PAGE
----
In a unique Tennis match that was entertaining, emotional and most certainly unconventional, Serena Williams won her fourth grand-slam of the year and her sixth Wimbledon title in a truly remarkable career. The final resulted in cheers for Williams and tears for the challenger, Gabrine Muguruza whose valiant effort against the peerless world number one earned her a standing ovation from a respectful Centre-court crowd.
The first game was an indication of just how special this match was going to be, as Williams struggled with her serve, committing three double faults and essentially gifting a break of serve to Muguruza. It seemed as though the occasion was getting to Williams and with both players being in the unusual position of making history no matter who won (as Williams looked for her “Serena Slam” and Muguruza hoped to deliver one of the biggest upsets in Wimbledon history) it was easy to see why. Williams seemed unable to find her range early on and Muguruza capitalised on this, forcing errors from the number one seed and striking some breath-taking aces of her own.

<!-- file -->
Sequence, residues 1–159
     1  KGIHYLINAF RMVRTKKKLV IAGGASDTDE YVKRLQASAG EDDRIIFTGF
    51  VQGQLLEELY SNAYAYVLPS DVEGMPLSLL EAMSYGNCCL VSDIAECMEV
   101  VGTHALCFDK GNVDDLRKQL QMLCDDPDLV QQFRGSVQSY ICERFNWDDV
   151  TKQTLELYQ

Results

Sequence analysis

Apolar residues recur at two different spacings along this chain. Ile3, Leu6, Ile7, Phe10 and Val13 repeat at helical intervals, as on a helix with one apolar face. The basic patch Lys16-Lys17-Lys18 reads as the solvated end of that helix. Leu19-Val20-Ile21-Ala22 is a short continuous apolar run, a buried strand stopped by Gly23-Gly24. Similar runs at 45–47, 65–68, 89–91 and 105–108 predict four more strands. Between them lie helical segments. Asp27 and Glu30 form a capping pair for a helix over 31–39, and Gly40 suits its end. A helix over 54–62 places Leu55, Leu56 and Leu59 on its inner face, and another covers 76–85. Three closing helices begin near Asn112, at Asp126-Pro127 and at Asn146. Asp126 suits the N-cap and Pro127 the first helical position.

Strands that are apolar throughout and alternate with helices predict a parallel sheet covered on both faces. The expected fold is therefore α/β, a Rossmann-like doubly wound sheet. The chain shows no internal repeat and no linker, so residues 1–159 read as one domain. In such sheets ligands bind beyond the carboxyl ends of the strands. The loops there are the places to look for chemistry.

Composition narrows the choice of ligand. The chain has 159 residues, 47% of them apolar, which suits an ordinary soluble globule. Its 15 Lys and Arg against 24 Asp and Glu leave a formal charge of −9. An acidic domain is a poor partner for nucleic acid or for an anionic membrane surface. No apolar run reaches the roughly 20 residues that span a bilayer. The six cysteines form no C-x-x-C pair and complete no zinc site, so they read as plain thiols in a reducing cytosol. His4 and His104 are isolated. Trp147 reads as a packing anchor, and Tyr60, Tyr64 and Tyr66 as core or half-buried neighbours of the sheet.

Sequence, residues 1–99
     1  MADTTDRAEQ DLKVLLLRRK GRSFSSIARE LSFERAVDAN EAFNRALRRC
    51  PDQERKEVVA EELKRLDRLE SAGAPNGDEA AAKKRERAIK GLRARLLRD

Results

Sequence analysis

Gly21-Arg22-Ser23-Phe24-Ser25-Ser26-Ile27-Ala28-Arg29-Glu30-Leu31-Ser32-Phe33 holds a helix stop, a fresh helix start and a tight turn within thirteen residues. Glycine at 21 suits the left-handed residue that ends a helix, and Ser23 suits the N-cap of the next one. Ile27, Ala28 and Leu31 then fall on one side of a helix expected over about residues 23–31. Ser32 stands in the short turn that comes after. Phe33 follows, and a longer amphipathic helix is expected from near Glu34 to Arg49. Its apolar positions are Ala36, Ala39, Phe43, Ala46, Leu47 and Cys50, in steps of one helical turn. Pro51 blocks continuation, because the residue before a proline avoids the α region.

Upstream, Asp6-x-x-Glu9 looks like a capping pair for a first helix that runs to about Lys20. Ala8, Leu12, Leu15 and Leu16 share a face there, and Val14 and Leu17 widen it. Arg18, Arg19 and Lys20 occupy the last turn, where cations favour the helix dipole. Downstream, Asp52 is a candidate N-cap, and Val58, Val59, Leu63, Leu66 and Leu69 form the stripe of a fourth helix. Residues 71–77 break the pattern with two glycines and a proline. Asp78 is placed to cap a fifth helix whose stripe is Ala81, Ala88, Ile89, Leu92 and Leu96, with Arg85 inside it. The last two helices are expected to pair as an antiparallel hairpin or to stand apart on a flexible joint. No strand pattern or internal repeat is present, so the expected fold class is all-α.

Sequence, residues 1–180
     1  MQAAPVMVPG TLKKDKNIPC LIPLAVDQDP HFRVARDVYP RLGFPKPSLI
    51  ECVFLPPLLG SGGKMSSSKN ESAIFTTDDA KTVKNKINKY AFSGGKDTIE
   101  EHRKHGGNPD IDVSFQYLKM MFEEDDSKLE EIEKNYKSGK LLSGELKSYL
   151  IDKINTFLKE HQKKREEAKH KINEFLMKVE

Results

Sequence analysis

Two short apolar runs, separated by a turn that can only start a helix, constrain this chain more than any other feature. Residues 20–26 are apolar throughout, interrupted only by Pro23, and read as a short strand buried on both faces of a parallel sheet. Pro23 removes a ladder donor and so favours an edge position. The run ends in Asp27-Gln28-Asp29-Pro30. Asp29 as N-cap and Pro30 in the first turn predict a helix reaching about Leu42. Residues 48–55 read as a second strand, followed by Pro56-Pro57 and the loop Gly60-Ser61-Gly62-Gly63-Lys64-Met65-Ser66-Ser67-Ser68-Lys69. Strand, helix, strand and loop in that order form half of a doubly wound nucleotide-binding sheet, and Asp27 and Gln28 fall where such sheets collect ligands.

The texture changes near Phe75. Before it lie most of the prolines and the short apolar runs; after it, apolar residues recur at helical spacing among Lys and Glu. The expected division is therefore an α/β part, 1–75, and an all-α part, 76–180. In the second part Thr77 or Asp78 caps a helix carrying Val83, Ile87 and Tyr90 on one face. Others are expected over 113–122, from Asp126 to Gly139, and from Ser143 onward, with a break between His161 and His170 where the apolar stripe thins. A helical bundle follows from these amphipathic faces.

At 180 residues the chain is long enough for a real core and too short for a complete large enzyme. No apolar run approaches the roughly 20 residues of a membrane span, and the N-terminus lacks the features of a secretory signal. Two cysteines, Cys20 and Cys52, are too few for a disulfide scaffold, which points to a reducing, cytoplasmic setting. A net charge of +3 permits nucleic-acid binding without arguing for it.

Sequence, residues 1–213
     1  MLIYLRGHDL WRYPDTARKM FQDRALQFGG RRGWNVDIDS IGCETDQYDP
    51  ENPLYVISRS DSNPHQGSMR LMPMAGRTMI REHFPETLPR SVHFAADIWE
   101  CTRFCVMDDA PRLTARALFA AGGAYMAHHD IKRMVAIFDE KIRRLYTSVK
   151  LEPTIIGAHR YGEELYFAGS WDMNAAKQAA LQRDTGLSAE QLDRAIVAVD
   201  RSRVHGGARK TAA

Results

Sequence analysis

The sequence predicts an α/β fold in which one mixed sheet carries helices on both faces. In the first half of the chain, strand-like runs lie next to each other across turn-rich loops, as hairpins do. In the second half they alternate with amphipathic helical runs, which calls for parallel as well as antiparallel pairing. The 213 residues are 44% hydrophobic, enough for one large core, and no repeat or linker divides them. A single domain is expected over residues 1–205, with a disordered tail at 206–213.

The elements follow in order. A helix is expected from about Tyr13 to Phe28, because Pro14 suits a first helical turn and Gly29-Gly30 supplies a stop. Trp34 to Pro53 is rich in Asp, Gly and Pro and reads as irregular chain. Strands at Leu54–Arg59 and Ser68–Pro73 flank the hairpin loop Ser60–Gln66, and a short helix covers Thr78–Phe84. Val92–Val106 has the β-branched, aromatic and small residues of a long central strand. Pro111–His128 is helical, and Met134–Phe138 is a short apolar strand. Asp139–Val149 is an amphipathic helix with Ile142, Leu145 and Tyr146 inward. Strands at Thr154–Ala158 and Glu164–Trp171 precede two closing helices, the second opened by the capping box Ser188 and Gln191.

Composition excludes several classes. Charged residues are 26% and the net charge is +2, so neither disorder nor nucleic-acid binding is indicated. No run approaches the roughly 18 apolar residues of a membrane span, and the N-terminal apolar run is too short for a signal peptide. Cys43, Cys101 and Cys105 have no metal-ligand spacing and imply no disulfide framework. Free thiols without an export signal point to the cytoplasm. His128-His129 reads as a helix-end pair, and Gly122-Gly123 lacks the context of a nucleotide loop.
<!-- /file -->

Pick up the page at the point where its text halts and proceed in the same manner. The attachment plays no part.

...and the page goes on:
It wasn’t long however, before Williams regained control of the set, breaking back in the eighth game before winning the first set with the unreturnable service game and devastating backhands that have come to be expected from the American Tennis star. This style of play continued throughout the second set, as Muguruza looked unable to cope with the intense pressure being put upon her by the formidable Williams.
It was at this point, that the game took an unexpected turn, as Muguruza broke her opponent’s serve having been down five games to one. Williams once again looked uncertain with her service game, as her double fault count reached eight – just one below her ace count. Muguruza seized this opportunity to fight back and ensured that this would not be a simple walk-over for the five-time Wimbledon champion. Muguruza rallied the crowd with a confident comeback that moved Williams across the base-line and forced error after error.
Ultimately though, Williams had built herself too much of a cushion to let the match slip and Muguruza could not do enough to keep the championship title from the determined Serena Williams – who seized the match in the 10th game of the second set, in a somewhat anti-climactic but undeniably professional fashion. Though the 21 year old Spaniard was a worthy competitor (whose future in the sport is undeniably bright) it would appear as though Serena Williams is simply a cut above the rest. Williams’ dominance throughout the tournament has been a testament to her skill, her determination and her resilience and as a result she has proven herself to be quite unequivocally, the world number one.
Image Credit: www.bbc.co.uk/sport